Going on with the same theme as in my last post, only that this time it’s all based on vector graphics.
The principle is very loosely based on this article, or at least inspired by it …
Basicly it’s all about ray tracing on a rectangular grid: finding the intersection with the next cell wall:
The projection used is like in panorama cameras, a cylinderic one. Try setting the parameter ‘focal length’ to a very small value and you’ll see things getting really ‘Escher’ or ‘Piranese':
I admit it is a bit slow on performance …
In principle this is the same effect I already did with html5/canvas. Now it’s time for Pixel Bender to try some serious image bending.
Click on the image above to go to the demo.
Ok, drawing a spline, or more generally rendering graphics along a spline, is relatively simple if you can explicitly calculate points of it and draw it part by part using lines, gradients or piecies of an image.
But it all becomes much more challening when in an environment, like Pixel Bender, where you can only go through the image pixel by pixel – and take the implicit approach.
If we where dealing with a line or a circle, calculating the distance to it would be so easy, but points on a Bezier are defined by a parametric cubic polynomial, and there’s no way to solve the inverse process algebrally. So what to do? There has to be some way to map the screen coordinates to a Bezier system:
Ok, looking at a picture always helps. Let’s say our current point is the black dot on picture and the Bezier passes on the top of the grid as the blue line. First we find the nearest point on the curve, below ‘x’ where blue and red line meet. Distance to that, the red line, would be the new coordinate y. Then we calculate the distance along the path to that nearest point (blue line), length corresponds to coordinate x. Both of these calculation are ‘impossible’ to write as single evaluations, so we need some approximation.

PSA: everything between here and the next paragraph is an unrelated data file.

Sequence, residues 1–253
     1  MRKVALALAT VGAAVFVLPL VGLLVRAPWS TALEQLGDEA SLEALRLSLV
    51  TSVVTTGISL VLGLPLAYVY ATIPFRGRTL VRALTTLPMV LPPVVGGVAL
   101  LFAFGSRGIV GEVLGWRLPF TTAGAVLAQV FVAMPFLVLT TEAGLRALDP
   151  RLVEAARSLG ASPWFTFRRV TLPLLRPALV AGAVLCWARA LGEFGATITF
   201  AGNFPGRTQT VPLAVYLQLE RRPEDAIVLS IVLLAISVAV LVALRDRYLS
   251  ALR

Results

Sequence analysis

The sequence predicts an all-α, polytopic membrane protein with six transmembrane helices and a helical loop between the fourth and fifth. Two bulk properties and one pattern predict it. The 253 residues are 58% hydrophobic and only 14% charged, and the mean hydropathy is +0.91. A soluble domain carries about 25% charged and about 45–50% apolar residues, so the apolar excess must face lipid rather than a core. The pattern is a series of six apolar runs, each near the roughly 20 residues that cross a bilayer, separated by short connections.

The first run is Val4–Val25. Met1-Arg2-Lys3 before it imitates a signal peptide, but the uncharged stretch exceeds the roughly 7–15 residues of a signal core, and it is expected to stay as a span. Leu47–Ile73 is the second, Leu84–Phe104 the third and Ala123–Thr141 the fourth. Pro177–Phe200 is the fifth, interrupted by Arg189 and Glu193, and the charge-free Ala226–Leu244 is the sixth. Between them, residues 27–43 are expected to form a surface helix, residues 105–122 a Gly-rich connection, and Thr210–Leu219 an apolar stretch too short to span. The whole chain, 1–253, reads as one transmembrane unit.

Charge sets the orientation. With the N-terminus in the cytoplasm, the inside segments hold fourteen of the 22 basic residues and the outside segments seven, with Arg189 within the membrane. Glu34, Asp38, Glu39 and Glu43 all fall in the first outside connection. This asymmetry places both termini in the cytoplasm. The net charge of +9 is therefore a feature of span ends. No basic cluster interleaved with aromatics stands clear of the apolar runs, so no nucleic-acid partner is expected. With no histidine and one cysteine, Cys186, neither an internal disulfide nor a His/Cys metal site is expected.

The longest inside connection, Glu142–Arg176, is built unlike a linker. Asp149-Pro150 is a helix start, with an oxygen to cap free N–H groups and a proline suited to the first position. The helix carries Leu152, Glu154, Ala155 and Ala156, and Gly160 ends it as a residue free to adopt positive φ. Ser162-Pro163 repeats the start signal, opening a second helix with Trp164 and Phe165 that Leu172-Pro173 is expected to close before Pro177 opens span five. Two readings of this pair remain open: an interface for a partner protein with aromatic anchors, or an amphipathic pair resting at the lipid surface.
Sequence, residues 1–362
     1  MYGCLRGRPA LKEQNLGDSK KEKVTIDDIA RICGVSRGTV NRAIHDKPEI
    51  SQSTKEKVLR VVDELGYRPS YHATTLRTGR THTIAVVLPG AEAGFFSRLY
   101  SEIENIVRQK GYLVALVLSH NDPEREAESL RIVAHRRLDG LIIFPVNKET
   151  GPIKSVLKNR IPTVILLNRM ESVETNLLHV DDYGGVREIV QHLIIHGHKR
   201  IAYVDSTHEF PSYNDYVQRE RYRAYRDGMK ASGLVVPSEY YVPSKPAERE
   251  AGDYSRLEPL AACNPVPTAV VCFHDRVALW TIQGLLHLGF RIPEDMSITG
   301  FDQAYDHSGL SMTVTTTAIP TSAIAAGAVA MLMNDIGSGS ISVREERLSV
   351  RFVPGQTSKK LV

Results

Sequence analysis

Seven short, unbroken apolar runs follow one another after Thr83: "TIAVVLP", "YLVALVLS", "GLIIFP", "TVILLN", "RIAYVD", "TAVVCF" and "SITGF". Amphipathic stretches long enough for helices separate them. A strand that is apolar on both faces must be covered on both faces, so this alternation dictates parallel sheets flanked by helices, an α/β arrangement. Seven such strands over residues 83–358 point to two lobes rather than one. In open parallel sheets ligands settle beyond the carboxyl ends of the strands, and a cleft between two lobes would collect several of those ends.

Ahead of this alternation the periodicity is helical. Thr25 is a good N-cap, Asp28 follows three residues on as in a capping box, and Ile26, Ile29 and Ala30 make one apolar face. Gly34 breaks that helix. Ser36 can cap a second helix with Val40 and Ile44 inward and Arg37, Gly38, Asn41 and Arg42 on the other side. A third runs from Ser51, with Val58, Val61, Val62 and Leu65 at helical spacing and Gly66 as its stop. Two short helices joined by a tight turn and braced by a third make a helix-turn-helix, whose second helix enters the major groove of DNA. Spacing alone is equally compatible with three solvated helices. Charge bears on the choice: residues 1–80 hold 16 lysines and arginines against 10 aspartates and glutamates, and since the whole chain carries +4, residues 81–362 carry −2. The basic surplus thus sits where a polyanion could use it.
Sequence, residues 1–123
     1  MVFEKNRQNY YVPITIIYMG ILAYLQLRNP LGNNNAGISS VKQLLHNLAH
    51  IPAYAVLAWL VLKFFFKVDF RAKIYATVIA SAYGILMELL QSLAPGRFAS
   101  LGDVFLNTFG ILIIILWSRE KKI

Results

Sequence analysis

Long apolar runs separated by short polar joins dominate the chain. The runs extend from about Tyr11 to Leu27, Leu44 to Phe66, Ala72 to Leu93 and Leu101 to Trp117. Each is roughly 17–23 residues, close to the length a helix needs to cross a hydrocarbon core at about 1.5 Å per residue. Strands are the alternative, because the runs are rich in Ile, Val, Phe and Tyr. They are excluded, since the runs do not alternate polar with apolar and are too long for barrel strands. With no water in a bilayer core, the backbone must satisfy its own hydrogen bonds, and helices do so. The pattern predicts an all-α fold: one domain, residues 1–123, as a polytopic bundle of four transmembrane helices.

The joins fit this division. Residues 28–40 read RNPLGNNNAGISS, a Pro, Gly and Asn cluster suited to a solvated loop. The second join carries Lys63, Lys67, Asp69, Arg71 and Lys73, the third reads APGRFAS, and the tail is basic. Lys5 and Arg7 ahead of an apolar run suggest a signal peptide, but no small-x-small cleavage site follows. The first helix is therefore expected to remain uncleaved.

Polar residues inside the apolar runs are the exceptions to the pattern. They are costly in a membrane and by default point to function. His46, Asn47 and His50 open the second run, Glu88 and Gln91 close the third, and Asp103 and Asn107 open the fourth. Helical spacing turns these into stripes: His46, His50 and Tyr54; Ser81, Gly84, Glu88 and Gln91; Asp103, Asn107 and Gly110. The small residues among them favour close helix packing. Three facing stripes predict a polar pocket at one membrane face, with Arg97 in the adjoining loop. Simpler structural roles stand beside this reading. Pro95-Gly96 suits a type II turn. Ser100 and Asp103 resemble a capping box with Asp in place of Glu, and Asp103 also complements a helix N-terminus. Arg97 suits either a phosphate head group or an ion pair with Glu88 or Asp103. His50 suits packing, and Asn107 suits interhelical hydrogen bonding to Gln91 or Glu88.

From the curve we know the start and end points and the directions at both, so let’s start with this piece of information. We count, using dot product of two vectors, the cosine of angles between directions and the distance vectors to current point. If this value has different signs on the ends, current point lies somewhere in between, and we’re looking for the point where the value goes to zero.
Using values the start and end we approximate a point in between, repeating this a couple of times converges to a point where cos γ ≈ 0.0. For most cases this is a reliable result, although we totally neglected the fact that Beziers can even form closed loops, those cases would require splitting the curve to several sequences by points where x”=0 or y”=0. I mean the code should check out three candidates for the closest point.
My pixel bender-kernel repeates the iteration three times, which I think is adequate enough for the purpose of a computer graphics demonstration. In fact the method slightly differs from the principle I described, that’s only because also wanted to add the effect for rotating the image around spline’s main axis.
The mystery to solve here is a system of two nonlinear equations. You could also try solving that with like for instance Euler iteration using Jacobian determinate. The problem with that method is that it easily tends to converge to unwanted solutions, to points somewhere far from the actual spline sequence. Remember that Bezier is a continuous curve, where we only see the sequence from t=0 to t=1.
Ok, back to task. We now have the distance ‘y’. We need also the ‘x’, so all we need to do is just to calculate the distance from start point:
But now wait a minute, that’s an Elliptic integral or something else as awful — unfortunately there’s no build-in function for it in Pixel Bender. So we’ll use Simpson’s rule to get some idea of the length. In the simpliest case of that we calculate the sum of (value at start +3x (values at point of one third+value at point of two third) + value at end)/8. And to my surprise looking at the result it is enough!
I looked at the result with a more precise approach: sampled at 7 points with weights 1,3,3,2,3,3,1 – visually there was hardly any difference. In the demo same method is used when fitting an image’s width to spline’s length. It is said that Simpson perfectly approximates a cubic polynomial. In the formula x(t) and y(t) are cubic polynomials, which makes x'(t)² + y'(t)² of degree four, and square root of that could be something close to quadratic – at least that’s how I explained it to myself.